American Idol winner Lee DeWyze with runner-up Crystal Bowersox.
It was a Midwestern feel at the American Idol finale, with one finalist from northern Illinois and the other from north central Ohio and both auditioning in Chicago.
But in the end, it was Mount Prospect native and former paint store salesman Lee DeWyze who took home the prize and the sole title of American Idol 2010.
His victory over Toledo native Crystal Bowersox sent a huge crowd gathered in the northwest suburb into a frenzy, in a celebration usually seen for a sports championship (in fact, a little too frantic – one person in the frenzied crowd tried to grab Darlene Hill’s microphone during a live shot during WFLD’s newscast Wednesday night.)
DeWyze’s victory also ends a jinx of sorts over local Idol contestants and how Idol is perceived locally. In 2004, Chicago native Jennifer Hudson was a favorite to win, but failed to make the top six (she was a noted no-show at last night’s Idol’s finale.) Many theories ranged on why Hudson was eliminated, from bad weather knocking out phone service in the Chicago area the night fans were to vote for their favorites to race (Hudson and two other African-American contestants landed in the bottom three the night she was eliminated.)
Since then, ratings for Idol locally have lagged behind those of the national average, with last year’s Idol finale ranking 51st out of 56 metered markets in household ratings.
But with DeWyze in the latter stages in the competition, ratings have inched upward locally. But on a national level, ratings have declined significantly.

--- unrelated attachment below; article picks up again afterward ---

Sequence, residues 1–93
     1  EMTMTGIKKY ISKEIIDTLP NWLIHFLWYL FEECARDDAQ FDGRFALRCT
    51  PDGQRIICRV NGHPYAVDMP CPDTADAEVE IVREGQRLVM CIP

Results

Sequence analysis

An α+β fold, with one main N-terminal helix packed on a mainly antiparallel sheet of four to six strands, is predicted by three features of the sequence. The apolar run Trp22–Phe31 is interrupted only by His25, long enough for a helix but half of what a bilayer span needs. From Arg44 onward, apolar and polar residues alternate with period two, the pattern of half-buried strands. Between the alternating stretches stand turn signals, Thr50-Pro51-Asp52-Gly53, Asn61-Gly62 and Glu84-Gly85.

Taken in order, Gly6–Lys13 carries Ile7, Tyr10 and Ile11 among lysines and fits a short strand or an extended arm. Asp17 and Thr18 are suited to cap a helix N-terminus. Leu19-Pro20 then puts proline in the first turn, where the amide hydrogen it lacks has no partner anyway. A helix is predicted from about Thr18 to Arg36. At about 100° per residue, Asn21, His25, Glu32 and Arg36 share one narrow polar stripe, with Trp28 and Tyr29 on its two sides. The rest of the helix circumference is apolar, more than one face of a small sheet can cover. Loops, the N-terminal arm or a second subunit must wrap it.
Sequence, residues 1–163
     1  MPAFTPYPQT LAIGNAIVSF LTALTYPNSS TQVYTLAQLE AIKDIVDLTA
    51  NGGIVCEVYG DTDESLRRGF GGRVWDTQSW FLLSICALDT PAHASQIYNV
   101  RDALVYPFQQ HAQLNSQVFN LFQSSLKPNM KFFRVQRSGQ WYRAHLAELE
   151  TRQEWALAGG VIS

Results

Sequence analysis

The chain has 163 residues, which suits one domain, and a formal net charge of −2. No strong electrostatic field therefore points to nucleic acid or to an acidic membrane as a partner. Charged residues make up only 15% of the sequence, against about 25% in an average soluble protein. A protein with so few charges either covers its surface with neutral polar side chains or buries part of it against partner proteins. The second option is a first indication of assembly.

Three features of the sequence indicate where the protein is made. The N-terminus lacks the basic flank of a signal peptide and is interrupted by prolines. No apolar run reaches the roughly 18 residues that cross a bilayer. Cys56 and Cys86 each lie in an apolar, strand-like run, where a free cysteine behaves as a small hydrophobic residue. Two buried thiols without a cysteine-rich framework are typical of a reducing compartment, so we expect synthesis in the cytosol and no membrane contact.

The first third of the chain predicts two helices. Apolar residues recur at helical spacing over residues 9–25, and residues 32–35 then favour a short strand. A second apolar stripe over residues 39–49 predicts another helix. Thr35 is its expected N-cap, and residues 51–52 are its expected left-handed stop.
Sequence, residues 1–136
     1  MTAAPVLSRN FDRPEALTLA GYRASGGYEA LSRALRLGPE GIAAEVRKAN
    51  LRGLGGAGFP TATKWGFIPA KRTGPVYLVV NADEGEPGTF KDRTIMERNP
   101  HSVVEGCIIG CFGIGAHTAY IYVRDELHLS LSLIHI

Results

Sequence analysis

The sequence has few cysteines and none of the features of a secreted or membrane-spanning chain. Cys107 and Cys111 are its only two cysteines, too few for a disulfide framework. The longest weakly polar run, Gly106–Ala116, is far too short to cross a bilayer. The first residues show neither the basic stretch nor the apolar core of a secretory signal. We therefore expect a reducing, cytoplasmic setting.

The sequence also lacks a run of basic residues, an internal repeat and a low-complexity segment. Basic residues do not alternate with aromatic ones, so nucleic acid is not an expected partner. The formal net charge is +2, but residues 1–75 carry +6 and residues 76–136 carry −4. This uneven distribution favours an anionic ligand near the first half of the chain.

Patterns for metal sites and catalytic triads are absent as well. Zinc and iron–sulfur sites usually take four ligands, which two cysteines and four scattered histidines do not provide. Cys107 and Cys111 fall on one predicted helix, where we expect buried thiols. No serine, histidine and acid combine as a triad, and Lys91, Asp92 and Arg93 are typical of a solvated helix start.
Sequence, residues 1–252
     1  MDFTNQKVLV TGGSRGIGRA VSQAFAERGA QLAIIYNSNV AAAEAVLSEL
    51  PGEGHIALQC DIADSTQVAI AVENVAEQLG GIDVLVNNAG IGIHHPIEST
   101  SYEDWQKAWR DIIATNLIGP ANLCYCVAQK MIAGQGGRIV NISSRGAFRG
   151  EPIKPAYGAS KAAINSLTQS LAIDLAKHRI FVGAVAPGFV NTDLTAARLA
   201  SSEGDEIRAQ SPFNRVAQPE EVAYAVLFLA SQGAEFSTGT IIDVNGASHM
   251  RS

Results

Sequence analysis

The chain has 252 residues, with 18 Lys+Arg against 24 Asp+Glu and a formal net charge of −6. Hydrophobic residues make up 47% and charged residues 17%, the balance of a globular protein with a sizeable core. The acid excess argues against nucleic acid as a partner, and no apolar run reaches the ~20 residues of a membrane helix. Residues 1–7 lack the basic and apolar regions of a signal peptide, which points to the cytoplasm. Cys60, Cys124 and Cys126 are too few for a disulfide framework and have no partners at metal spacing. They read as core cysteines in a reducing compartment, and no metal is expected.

Last night’s Idol finale was the lowest rated in its history, drawing only 24 million viewers and a 8.2 rating in adults 18-49. While’s those numbers are very good, Idol had a 18 percent drop in the key 18-49 demo from last year’s finale.
The two other big finale events of the last few days: ABC’s Lost (13.5 million) and Dancing With The Stars (18 million) were also rating disappointments, with Dancing drawing a record-low 18-49 rating, dropping 27 percent from last spring’s finale.
As for the show itself, the two-hour finale featured tributes to Simon Cowell, who has left the show after nine seasons to focus on the launch of his new X-Factor show here in the United States next year. The most anti-climatic feature throughout the show was when one of the Idols would take the stage to sing a classic song – and right on cue there’s the guy who did the original comes on stage to take over. Utterly predictable, since Idol’s been doing this on their finale telecast for the last few years now.
This has not been a good year for Idol – many feel the departure of Paula Abdul and the addition of Ellen DeGeneres hurt the show creatively and depress the ratings (in fact, Idol was beaten by Dancing in total viewers for a few weeks.) Simon Cowell’s departure will no doubt accelerate Idol’s decline.
But for Lee DeWyze, his rise is just only beginning.